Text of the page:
CCTV footage released by police shows the shocking moment a murderer pulled his disabled victim from his wheelchair during a ‘brutal’ killing.

Daniel Sharples, of Grisedale Avenue in Orford, was today convicted of murdering Michael Mairs by a jury at Liverpool Crown Court after a nine-day trial.

The martial arts enthusiast launched a horrific unprovoked attack on the granddad underneath the railway bridge on Winwick Street in the town centre, near to Central Station, shortly after midday on Sunday, October 6 2019.

Cheshire Police have now released CCTV stills of the incident, showing Sharples aggressively pointing in Mr Mairs’ face, standing over him after tipping his wheelchair over and then pulling the chair from underneath him as he lay barely conscious.

Warrington Guardian:

Warrington Guardian:

Warrington Guardian:

Another image shows him attempting to climb over a wall in the beer garden of the King’s Head pub in a bid to evade officers.

Warrington Guardian:

A video of Sharples kickboxing in the gym meanwhile shows the brute force he was able to deliver during his assault.

Detective inspector Helen Clegg said: “This was a totally unprovoked attack on a vulnerable man who had no way of defending himself.

“On the day of the incident, Michael was simply socialising with his friends and minding his own business.

“Sharples is a strong and powerful man and used his kickboxing experience to launch a vicious and sustained attack on Michael as he sat helpless in his wheelchair.

“He was totally focused on inflicting serious harm.

Warrington Guardian:

Sharples being arrested

“Throughout the investigation Sharples has never shown any remorse.

“Instead he attempted to place the blame on Michael, claiming that he had sold drugs to his son – claims that were totally unsubstantiated.

“He went on to claim that he had taken Valium prior to the attack and was unable to control himself and had no recollection of what happened.

“Thankfully, the jury have seen through his lies and he is now facing the consequences of his actions.”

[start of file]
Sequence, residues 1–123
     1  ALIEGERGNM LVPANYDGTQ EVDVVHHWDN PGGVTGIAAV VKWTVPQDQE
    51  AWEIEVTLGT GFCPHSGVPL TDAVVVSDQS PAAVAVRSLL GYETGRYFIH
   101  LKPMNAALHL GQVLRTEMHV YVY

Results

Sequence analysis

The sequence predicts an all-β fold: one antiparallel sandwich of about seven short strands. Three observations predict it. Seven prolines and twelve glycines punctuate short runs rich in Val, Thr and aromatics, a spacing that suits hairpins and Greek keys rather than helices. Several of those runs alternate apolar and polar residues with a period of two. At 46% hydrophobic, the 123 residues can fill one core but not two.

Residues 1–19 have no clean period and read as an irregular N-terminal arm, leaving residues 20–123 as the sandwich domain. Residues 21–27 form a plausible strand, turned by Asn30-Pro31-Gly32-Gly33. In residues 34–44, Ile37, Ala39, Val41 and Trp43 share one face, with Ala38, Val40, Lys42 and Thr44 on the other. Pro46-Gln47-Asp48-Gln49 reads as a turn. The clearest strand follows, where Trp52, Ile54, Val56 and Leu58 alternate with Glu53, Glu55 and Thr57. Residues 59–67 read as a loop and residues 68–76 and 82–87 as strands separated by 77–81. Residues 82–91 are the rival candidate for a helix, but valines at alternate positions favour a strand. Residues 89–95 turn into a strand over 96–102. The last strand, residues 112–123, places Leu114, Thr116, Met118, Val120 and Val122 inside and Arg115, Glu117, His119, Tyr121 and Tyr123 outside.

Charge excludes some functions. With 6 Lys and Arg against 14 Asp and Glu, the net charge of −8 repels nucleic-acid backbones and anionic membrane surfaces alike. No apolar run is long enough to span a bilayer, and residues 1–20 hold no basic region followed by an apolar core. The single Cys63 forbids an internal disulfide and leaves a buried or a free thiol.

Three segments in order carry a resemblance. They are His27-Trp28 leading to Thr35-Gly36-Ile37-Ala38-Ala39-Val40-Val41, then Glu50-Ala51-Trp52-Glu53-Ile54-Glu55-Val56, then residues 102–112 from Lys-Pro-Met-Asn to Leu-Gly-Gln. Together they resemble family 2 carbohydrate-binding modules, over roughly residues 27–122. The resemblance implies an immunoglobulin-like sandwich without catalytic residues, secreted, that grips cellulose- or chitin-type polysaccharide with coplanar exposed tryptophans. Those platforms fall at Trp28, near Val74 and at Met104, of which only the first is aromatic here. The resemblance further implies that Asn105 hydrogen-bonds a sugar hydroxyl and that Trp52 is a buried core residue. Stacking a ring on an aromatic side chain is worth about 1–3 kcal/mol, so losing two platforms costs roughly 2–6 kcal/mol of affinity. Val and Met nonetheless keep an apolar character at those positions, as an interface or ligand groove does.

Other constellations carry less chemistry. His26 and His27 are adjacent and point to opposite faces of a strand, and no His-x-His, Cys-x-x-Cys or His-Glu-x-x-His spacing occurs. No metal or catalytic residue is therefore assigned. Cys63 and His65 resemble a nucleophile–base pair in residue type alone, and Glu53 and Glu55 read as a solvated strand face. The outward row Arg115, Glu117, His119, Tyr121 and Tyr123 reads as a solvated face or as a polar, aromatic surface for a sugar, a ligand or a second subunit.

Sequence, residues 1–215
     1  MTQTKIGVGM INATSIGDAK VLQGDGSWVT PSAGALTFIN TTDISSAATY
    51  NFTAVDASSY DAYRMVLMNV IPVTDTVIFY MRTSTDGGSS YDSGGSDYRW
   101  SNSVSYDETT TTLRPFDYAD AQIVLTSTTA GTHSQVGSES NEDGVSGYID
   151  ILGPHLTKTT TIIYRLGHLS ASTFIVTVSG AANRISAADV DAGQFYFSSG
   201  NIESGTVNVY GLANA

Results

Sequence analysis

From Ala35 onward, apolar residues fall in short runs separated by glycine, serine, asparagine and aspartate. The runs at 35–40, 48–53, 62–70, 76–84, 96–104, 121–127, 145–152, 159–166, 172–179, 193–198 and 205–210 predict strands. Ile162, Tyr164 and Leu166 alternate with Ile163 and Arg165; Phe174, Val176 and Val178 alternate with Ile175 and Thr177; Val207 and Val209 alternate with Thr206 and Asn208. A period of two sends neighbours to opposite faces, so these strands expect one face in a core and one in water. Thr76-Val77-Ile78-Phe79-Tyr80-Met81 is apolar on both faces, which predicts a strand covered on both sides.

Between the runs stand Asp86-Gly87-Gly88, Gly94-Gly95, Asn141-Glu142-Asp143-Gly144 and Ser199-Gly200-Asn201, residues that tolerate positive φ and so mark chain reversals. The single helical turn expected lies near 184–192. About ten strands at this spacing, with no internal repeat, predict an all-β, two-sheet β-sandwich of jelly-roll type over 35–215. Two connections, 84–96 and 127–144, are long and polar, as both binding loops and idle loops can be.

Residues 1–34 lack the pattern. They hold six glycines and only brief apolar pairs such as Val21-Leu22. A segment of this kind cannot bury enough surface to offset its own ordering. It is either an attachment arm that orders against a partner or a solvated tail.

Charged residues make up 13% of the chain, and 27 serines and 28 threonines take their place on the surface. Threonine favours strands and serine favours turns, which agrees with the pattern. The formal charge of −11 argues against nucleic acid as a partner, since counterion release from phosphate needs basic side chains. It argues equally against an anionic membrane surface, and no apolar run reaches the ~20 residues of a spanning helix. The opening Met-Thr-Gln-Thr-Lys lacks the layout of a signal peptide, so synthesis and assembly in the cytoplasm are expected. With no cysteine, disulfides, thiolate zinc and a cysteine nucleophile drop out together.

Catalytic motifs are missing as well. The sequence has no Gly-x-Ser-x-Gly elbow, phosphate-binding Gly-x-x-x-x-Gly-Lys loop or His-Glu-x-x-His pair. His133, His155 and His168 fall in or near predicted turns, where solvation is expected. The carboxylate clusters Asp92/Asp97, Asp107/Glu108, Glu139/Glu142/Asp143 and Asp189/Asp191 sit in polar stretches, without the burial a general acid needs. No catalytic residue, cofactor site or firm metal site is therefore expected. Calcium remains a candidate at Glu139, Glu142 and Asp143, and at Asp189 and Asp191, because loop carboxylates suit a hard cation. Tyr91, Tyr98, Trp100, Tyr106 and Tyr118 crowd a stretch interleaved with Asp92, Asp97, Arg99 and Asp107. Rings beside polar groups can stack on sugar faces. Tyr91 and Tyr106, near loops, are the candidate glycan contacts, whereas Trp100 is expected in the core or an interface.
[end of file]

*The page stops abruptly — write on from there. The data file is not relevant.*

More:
DI Clegg also thanked members of the public who came to Mr Mairs’ aid following the attack.

Warrington Guardian:

She added: “I would like to thank all of the members of the public who helped Michael on the day, along with those who have come forward with information.

“Their evidence was compelling and a driving force behind the conviction of this man for Michael’s murder.

“I’d also like to acknowledge the courage that Michael’s children have shown throughout this case.

“I hope the conviction of Sharples will help them and all those who knew him to continue to come to terms with what happened and move forward with their lives.”

Meanwhile, Cheshire police and crime commissioner David Keane has welcomed Sharples’ conviction.

He said: “This crime shocked the local community and deeply saddened all those who knew Michael.

“I would like to thank all of the officers involved in the investigation who have helped to get justice for Michael’s family and friends.

“My thoughts are with them at this difficult time – I hope this conviction gives them some form of comfort.”

Senior crown prosecutor Adam Till, from the Crown Prosecution Service Mersey Cheshire, added: "Daniel Sharples deployed his undoubted prowess and skill in martial arts to launch  an unprovoked and vicious attack on a totally defenceless and vulnerable individual.

"Sharples admitted he had killed Mr Mairs but said he didn’t mean to.

"The Crown Prosecution Service refused to accept his plea to manslaughter - that clearly didn’t cover the criminality of  what happened on that day.

"Repeated kicks to the head of a vulnerable victim speak for themselves as to the defendant’s intention.

"It is also no defence to the charge of murder to say ‘sorry I was drunk and that’s why I did it’.

"Nobody forced Sharples to get drunk or to take tablets, he did it to himself.

"It may well be that drink and drugs fuelled his determination to attack Michael Mairs, but the evidence demonstrates that he knew what he was doing and was fit and able to do it.

"The amnesia he claimed to have developed after the attack was no more than a ploy, and a desperate one at that.

"The Crown Prosecution Service said that the evidence clearly demonstrated a man who, for whatever reason, deliberately and wilfully subjected a highly vulnerable man to a devastating attack and, at the very least, he intended to cause him really serious harm. 

"That makes him guilty of murder - the jury have agreed with us.

"We hope the end of this tragic case gives the family of Michael Mairs some closure - our thoughts remain with them at this very difficult time."